I learn from walking around and visiting your classrooms and learn from a  fantastic group of educators who put their heart and soul into providing engaging lessons.  I also love the conversations that are happening when I ask questions such as I did with Kim Johnson about how 1st graders are counting by 10’s and then go to Steph’s room and watch her work on base ten with students, seeing how the Math modules are connected.  Boy they are different, that’s for sure!

So, let’s continue our continuous learning, taking opportunities to learn something new every day, expanding our knowledge and working together through our connections and collaboratively working together. Keep an open mind and let’s grow as a professional learning community.  You folks are the best!!  I am honored!  Have a great week!


  • Bus Duty for Oct. 21 – Nov 1 Team 4:  Jennifer Prevost, Marci Woods, Gina Caldwell Oct. 21-Nov 1 Upcoming bus duty Nov 4 – Nov 15  Team 5:  Kathy Buell, Kate Spriggs, Megan Weldon
  • I heard from Brenda Trivilino.  She went into surgery Friday and is recovering at home now.  The surgery went well, that the lesion was small and the cancer contained in the uterus.  Phew.  She is waiting for the pathology to come back to get cleared.  Keep Brenda in your thoughts and prayers and she recovers!  Thanks!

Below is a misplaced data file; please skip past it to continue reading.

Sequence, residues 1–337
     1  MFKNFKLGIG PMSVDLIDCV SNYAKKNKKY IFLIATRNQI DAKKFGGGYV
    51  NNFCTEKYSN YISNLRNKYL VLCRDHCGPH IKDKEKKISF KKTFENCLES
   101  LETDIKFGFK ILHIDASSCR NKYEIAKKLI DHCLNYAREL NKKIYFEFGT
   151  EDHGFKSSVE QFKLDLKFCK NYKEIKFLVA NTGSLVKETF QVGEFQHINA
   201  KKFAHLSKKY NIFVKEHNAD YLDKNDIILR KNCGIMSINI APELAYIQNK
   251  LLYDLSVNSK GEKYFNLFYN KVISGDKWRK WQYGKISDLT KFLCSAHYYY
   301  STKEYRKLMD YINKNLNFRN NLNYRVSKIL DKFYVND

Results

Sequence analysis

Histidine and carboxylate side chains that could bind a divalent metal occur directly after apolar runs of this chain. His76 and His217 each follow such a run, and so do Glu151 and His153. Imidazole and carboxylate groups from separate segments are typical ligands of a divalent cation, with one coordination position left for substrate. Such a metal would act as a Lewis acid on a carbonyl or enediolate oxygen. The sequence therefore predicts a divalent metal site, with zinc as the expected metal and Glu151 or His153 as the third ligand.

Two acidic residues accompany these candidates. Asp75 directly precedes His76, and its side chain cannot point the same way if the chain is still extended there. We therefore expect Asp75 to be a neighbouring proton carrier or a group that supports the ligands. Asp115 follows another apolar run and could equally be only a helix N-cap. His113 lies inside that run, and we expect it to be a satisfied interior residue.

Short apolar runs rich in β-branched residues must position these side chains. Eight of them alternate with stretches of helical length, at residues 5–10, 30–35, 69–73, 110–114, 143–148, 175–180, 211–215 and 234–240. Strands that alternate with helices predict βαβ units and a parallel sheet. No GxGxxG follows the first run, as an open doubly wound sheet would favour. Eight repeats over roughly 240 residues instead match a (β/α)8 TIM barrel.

• I will be doing walk through’s next week, but not on Halloween!! 🙂
  • Please make sure you are setting-up SLO/LLO meetings with me.  
  • My friend Peter DeWitt writes about delivering effective feedback to everyone.
  • A new letter to parents about testing has been created by New York State Principals’. 
  • My friend Larry Ferrlazo has a great blog he did on The Best Resources for Learning How to  Best Give Feedback to Students. He’s worth the follow.
  • Grant Wiggins puts his two cents about E.D. Hirsch’s tired refrain of main idea.  (E.D. Hirsch’s company is Core Knowledge!) He sites the work of John Hattie, one of my favs!!
  • Please check the East Side Announcement page for updated dates, announcements etc.  Lisa is updating this continually!
  • What are the five things you are grateful for?  Make a list daily.  It does wonders!
  • Be the change agent for kids!  Be a champion for kids.  Every kid deserves a champion!

Other Items of Interest

The Board of Regents has decided that New York State will not implement PARCC in 2014-2015. Whether or not PARCC is adopted at all will be determined in the future. Thispresentation explains PARCC and the rationale for the decision to delay. The reasons cited for this delay are inadequate technology, longer administration times, and higher costs. Field testing will continue and New York will remain part of the PARCC consortium. No matter what, districts should continue to prepare for eventual computer-based testing, whether PARCC or NYS assessments are administered.